“Those days my heart would skip a beat whenever I heard the word ‘Home Office.’ You feared they were coming for you anytime you saw a police car. I was completely afraid of asking anyone else for help because I was an illegal immigrant and didn’t want just anyone at all to know. I didn’t even dream of opening up about this problem I was having until I got my papers.”

– Tasha,* a Somalian woman in Bristol looking for her father

“At first, I was trying to look for them but my situation made me stop. I was thinking: if I find them, then what? I don’t have any money, a place to stay or anything for them. I am ashamed of myself and they will be ashamed of me too when they see my situation. I want to know where they are and if they are well, then once things are better, I can reveal myself.”

– Shinne,* a Somali man in Bristol, looking for his missing brothers

“He left with another young man of his same age, his lifetime friend; his friend has not [been found] either; they simply left. They called from a beach, they said that they would sleep there, and leave the next day. That was on a Saturday. That was the last time they called.”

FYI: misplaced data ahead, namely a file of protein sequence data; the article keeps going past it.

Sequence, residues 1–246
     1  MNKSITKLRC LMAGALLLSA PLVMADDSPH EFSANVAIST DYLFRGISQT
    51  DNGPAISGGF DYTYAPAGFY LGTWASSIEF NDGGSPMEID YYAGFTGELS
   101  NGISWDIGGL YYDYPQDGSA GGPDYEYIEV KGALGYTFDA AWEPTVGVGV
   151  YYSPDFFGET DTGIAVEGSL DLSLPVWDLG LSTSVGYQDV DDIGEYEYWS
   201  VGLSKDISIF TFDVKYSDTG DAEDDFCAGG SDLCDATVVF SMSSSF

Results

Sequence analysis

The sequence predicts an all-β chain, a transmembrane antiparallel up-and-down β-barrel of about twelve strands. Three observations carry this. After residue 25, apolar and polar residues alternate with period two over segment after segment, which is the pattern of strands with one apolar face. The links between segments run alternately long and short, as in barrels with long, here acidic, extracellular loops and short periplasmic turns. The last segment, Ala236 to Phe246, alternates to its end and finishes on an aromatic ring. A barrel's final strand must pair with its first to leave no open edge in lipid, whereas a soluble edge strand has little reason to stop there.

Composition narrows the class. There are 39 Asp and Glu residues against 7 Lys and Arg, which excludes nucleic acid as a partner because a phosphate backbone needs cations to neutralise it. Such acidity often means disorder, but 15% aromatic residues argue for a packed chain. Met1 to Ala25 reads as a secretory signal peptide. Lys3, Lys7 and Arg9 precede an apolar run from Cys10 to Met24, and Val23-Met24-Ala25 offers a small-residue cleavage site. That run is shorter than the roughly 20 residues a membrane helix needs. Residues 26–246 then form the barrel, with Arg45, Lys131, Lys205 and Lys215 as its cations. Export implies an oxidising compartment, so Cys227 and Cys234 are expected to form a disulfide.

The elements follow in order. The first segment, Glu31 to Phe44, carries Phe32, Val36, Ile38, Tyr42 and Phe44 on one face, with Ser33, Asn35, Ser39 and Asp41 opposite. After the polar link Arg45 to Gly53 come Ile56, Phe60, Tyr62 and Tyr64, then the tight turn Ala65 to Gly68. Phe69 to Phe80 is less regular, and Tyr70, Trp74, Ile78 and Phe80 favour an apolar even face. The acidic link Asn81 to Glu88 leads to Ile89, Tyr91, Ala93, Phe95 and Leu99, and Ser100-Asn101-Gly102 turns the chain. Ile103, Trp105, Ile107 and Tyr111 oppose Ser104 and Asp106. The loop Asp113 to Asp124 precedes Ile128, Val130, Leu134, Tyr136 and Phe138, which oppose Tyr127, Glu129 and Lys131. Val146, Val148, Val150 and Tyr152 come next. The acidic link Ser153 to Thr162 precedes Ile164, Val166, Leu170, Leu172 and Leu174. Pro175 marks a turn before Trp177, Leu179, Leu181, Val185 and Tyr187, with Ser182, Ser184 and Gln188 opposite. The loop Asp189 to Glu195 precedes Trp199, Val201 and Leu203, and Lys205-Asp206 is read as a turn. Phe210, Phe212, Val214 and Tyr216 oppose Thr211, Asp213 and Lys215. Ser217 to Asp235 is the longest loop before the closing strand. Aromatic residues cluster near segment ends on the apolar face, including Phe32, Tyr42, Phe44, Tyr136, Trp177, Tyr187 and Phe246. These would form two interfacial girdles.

– Noor,* a Moroccan woman looking for her teenage son

“We don’t know which institution is responsible to offer information related to missing migrants. I don’t know where to go or whom to ask in the Government. Secondly, it is impossible to go to the country where [my son] went missing because I can’t afford that. What I can do is to get news from the delala [smuggler] who facilitated his journey. Though I am very disappointed in the delaloch [smugglers], I have never thought to accuse them [of my son’s disappearance] also because most of them are my relatives. Also, I am scared to go to the government office because I have heard of families who sent their children through illegal ways and who were arrested and thrown into jail. Thus, what I can do is keep praying, hoping that one day my God may herald me with good news.”

– Mother of a missing migrant from Ethiopia

*All names have been changed to protect the identity of those quoted.